Cepi was also the third-largest consumer of pulp by region in 2020. Asia leads in this category with a 39.9% share followed by North America with 27%, according to Cepi’s data.
Currently, 22% of paper production from Cepi members is exported, which the organisation says exceeds levels achieved in 2020 by 4.1%.
European countries outside of Cepi continue to represent the largest share of Cepi’s paper and board exports, but the biggest growth in exports between 2020 and 2021 was to Latin America with a 26% rise. Meanwhile, exports to Asia – which represents 24.2% of total paper and board exports from Cepi to other regions, the second-largest share – declined by 11.3% in the same period.
Total imports, on the other hand, fell by 6.4% in 2021. European countries that are not Cepi members continue to provide over half of Cepi’s imports, with a reported 8.8% increase between 2020 and 2021, but imports from all other regions dropped, with the largest decline (24.1%) seen again from Asia.
According to Cepi, the packaging and paper board segment led in terms of the utilisation of paper for recycling in 2021, with an overall rate of 74.8%. The sanitary and household segment placed second with a 32.7% utilisation rate, while the graphic papers segment followed with a 25.7% utilisation rate.
When it comes to paper product type, corrugated and kraft are the most recycled materials with a total share of 58.9%.
As for regional paper recycling, Cepi says that Germany is ahead, representing a 36.1% share of the 50.7MT of paper utilised for recycling in Europe in 2021. The second-largest share goes to Italy with 11.9%, followed by Spain, France, and the UK.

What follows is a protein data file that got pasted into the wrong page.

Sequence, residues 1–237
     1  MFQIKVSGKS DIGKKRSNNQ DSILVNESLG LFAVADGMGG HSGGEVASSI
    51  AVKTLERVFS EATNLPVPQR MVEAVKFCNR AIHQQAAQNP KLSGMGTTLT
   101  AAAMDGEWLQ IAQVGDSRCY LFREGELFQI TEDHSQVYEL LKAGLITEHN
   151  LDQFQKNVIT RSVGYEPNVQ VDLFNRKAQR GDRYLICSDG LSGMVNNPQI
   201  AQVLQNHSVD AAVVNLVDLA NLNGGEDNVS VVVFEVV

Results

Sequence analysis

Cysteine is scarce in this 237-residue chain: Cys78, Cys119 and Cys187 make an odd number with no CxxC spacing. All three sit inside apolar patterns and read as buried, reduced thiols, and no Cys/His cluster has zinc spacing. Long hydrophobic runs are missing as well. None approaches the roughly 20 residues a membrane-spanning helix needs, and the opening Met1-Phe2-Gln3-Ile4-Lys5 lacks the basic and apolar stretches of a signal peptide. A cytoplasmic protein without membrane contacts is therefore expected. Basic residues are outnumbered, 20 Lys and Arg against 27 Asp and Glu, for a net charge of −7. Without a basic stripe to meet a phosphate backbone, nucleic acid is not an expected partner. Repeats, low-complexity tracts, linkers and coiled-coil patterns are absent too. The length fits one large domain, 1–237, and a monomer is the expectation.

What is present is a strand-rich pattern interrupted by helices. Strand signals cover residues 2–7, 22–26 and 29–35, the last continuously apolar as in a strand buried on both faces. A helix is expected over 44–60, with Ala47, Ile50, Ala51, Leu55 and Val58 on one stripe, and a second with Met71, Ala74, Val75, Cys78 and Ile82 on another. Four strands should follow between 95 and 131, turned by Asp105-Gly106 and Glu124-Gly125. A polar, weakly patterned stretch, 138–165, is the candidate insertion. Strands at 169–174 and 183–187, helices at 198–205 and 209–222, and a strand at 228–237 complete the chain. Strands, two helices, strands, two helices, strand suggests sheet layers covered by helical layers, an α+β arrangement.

Cepi claims that the recycling of paper is increasingly performed in Europe, with the region surpassing 50 million tonnes for the first time in 2021. The organisation reports that exports of paper for recycling from Cepi fell by 17.6% between 2020 and 2021. This includes a 75.7% fall in paper exported for recycling from Cepi to Latin America, with declines also demonstrated across exports to almost all other regions.
Cepi appears to have increased its import of paper for recycling from all regions other than Latin America. Imports of paper for recycling increased most from Asia, with a 41.7% share according to Cepi’s data. There was also a rise of 19.8% for paper imported for recycling from non-Cepi European countries, also supporting Cepi’s claim that paper recycling is increasingly happening within Europe.
The total recycling rate for paper and board in Europe is 71.4%, according to Cepi. This is a 2% drop from 2020, and only a 2.8% rise from 2010 rates.
Resilient figures – but not out of the woods yet
Jori Ringman, director general of Cepi, comments: “Our annual statistics are proof of the resilience of this industry and unique attributes of paper and fibre-based products.
“Amongst the European industries, the pulp and paper sector remains in the leading position for its recycling performance, use of renewable energy, energy efficiency and sustainable sourcing. These are key to our capacity to develop rapidly in new markets.”